Preparing for the Long Game: Investing
I had braces when I was 11, and I remember how excited I was to get those shards of aluminum glued onto my teeth. Since I was 8, I was unbending paperclips and molding them to my upper teeth to wide acclaim from my peers. Did I care that my braces would initially require a candlestick length of wax to not rip my mouth open for the first week? Nope. Was I grateful for the large expense my parents shelled out? No. Was I concerned about spending hours picking corn and orange flotsam out of my face? Nah. All I cared about was the immediate social benefit: HAVING BRACES = COOL.
I had no awareness of what I would now call the Long Game – achieving a lifetime of straight, healthy teeth and a beautiful smile. However, one thing the pre-teen-me was confident about was the short game; social acceptance. The short game rules the roost
In a weird way, this got me thinking about the psychology of investing.
The business of investing – whereby an investment firm or bank markets their service to the public - is a focus on long term time horizons and anticipated annual returns. Unfortunately, long term time horizons and annual returns are not sparkly and exciting. It’s much harder to focus on the distant horizon.
Perhaps this is why we see so many investment commercials that go for the emotional impact (like the Fidelity commercial: girl grows up, has baby, loses loved one, swings child on beach, watches child graduate from college, cue tears.) Wall Street also brings shame, fear and greed to the party to get us to play their game. But it’s not working: women control 87% of household and business purchasing decisions, yet women control only 22% of the investment decisions. So why the disconnect?
If we aren’t experiencing some social or short term benefit when making an investment, it becomes harder to maintain consistency over time.
According to a study called "Harnessing the Power of the Purse: Female Investors and Global Opportunities for Growth," co-authored by Andrea Turner Moffitt and economist Sylvia Ann Hewlett at the Center for Talent Innovation, women desire a financial return, but we are also seeking a social return with our money. Of course, this is true for many men as well.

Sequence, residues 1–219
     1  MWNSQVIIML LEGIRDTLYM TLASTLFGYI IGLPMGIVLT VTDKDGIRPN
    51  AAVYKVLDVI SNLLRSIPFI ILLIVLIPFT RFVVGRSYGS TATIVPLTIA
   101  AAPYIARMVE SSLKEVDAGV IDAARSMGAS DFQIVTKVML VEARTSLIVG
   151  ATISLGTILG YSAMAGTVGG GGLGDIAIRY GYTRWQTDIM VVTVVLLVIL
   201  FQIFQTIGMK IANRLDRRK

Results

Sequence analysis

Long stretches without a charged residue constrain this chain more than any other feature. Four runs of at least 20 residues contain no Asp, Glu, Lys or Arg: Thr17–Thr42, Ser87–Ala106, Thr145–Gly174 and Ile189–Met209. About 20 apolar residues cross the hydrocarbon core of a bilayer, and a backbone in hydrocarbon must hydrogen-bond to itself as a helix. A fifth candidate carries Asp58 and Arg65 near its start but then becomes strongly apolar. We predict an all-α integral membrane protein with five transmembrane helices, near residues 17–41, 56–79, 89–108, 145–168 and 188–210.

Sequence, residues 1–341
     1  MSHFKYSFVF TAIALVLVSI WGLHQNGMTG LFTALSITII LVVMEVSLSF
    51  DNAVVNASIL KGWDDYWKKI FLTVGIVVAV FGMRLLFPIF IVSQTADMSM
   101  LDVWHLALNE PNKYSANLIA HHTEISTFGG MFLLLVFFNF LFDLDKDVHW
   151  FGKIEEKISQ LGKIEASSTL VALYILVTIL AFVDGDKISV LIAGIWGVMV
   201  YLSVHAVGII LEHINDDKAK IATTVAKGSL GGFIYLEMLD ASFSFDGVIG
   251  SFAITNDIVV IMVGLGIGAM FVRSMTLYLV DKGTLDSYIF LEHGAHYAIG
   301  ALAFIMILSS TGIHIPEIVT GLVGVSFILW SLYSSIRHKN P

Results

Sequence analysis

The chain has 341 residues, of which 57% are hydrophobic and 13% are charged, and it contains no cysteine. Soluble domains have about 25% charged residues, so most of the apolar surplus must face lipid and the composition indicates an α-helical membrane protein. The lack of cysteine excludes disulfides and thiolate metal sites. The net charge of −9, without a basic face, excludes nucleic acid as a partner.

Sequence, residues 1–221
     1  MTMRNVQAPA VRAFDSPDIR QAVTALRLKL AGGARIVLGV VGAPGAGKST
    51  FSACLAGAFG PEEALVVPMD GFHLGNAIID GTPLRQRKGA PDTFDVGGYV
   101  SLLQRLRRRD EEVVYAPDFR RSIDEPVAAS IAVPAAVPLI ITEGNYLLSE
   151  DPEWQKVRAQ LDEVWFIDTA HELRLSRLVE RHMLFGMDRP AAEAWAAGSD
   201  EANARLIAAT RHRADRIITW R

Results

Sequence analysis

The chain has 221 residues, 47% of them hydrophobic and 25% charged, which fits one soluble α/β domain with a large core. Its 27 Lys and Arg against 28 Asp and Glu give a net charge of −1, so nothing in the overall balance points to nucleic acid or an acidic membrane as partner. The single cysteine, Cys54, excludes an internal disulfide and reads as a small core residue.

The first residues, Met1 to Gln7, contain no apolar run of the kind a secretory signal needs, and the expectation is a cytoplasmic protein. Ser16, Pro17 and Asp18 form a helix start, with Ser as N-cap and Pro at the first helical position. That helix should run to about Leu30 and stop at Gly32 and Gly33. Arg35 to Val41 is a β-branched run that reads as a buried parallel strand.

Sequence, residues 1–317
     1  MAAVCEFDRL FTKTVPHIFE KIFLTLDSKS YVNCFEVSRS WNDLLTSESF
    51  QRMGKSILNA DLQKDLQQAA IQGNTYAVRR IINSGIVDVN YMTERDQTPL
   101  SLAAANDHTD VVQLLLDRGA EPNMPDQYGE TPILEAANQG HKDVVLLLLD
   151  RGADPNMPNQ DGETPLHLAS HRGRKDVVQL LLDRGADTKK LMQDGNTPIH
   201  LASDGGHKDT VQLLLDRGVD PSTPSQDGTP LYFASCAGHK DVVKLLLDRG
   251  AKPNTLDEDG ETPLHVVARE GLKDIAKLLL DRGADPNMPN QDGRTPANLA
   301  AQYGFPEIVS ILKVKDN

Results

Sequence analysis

Remember our first WealthWise exercise, Empire-ing? Our future self shows our present-self our ideal end game. What did I create; what change have I invoked; what have I built and invested in?
Creating an investment strategy that has a positive impact with a good long term rate of return is exactly what we are building with our Empire-ing.
What is a Positive Impact?
An impact investor is seeking to create a better world by investing funds directly into programs, ideas, technologies and people that are influencing real change. These impacts may be social, spiritual, local, or educational. Some of these investments are categorized as Alternative Investments, and may be part of a fund, some impact investors focus on public companies that are creating change on the planet. There are funds called Socially Responsible Investments that invest in private (or public) issuers that build infrastructure in the third world, create housing solutions, or end hunger. Some funds have long term track records, some do not. Directly investing in private companies is much more impactful to the economy, because your investment is going toward the actual business or technology of the entity. It is also much riskier because your investment in a private company is not liquid, like a stock, ETF, mutual fund or most bonds, that are traded on exchanges and are required to file audited financials.
Investing with an impact and not simply a rate of return is one part of the key to sticking to your plan. Another is social. When we make an effort to come together to talk about issues, we educate, empower and build confidence. A Fidelity Investments Money FIT Women Study found that women are more confident discussing medical issues with a doctor on their own than talking money and investments with a financial professional. Our money can change the world; let’s not sit quietly!
DIVINE ASSET MANAGEMENT LLC
39 Broadway, 36th Floor, NY, NY 10006
tel 212 344 5867 fax 212 509 5867
Dani Hughes & Valerie Sanchez
Co-Creators of Divine WealthWise Exchange